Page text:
Sebelius garnered five more votes than the 60 needed in the 100-seat Senate. Sen. Mark Warner (D-Va.) said the “potential pandemic” of swine flu made the confirmation “essential.”
Other Democrats pointed to the need for healthcare reform as a justification for the action.
Some Republicans and pro-life advocates had opposed Gov. Sebelius’ nomination, citing her support for abortion and her ties to notorious late-term Kansas abortionist Dr. George Tiller. She initially claimed to have received $12,450 from Tiller between 1994 and 2001. On April 14, she reported that she had actually received $39,600.
Fellow Kansans Senators Sam Brownback and Pat Roberts, as expected, voted for Gov. Sebelius. His decision to support her nomination was another source of controversy in the debate.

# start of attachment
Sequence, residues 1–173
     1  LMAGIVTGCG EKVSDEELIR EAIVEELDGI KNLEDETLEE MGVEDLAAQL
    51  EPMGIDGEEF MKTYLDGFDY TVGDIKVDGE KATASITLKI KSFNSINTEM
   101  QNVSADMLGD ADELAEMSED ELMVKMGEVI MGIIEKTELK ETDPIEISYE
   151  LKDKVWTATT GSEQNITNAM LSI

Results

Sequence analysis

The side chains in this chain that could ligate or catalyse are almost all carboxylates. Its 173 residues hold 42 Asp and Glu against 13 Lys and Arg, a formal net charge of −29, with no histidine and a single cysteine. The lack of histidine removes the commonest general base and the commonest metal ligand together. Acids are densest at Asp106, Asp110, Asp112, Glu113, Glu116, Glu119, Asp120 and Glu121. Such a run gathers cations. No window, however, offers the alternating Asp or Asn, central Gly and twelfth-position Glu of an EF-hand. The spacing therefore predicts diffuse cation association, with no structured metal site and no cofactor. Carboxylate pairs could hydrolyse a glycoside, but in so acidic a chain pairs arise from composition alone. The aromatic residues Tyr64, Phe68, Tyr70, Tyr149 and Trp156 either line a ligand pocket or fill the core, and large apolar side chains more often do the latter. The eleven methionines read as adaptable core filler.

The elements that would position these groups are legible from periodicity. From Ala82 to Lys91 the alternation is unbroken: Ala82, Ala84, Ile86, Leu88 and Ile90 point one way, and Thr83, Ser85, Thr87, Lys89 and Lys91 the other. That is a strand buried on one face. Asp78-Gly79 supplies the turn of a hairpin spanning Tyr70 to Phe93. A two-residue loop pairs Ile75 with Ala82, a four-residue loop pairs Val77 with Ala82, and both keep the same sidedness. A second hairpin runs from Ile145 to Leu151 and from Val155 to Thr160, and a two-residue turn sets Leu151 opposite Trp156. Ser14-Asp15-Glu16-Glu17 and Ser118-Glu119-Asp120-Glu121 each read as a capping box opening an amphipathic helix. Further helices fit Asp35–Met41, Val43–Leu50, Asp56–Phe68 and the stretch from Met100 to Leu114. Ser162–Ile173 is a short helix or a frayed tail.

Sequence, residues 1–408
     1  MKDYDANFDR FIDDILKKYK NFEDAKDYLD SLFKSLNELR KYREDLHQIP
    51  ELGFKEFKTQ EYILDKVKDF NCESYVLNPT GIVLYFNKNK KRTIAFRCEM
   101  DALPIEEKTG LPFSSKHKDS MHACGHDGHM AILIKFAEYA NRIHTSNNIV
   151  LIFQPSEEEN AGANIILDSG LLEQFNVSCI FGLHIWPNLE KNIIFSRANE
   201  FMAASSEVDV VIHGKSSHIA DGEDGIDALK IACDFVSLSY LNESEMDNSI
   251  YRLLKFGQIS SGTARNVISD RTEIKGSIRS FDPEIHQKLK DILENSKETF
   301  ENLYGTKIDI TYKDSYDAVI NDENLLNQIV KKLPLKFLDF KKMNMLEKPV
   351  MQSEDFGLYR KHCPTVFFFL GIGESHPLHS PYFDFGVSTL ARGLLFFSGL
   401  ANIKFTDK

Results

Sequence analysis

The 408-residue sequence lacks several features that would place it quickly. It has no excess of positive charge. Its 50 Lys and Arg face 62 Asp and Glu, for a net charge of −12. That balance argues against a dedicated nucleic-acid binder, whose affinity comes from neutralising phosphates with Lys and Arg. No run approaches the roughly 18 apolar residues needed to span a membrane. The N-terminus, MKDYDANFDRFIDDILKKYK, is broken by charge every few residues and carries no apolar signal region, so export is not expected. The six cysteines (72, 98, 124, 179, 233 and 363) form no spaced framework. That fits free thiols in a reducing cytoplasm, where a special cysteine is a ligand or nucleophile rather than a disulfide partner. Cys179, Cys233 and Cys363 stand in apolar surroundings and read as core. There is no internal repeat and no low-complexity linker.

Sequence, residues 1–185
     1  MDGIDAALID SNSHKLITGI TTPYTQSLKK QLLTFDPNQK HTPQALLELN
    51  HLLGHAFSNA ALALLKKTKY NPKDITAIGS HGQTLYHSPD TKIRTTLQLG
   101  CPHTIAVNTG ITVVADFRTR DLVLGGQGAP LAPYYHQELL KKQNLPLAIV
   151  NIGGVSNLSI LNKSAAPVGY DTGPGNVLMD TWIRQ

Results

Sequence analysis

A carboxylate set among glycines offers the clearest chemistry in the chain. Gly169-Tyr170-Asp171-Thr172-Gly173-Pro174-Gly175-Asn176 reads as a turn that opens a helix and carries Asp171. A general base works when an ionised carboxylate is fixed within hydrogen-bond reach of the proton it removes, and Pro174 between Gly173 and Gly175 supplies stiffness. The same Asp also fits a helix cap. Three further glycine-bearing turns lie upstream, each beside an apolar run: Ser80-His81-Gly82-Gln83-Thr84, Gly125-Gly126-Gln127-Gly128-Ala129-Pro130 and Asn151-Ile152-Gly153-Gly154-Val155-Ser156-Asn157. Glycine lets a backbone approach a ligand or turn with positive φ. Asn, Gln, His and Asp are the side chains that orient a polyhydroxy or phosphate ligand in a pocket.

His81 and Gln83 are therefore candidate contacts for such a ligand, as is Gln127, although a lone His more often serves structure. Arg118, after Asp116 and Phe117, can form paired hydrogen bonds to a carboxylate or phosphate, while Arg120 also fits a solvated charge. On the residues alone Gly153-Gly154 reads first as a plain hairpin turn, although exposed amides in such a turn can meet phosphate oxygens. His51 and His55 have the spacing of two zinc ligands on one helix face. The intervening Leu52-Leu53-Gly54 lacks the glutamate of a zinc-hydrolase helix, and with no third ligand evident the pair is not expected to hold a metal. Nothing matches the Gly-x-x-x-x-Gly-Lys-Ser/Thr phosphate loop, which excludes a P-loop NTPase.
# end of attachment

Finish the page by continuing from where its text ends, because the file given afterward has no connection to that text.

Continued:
In 2008 Gov. Sebelius, a self-described Catholic, was admonished by Archbishop of Kansas City Joseph F. Naumann and told not to present herself for Holy Communion until she made a worthy confession and publicly repudiated her stance on abortion.
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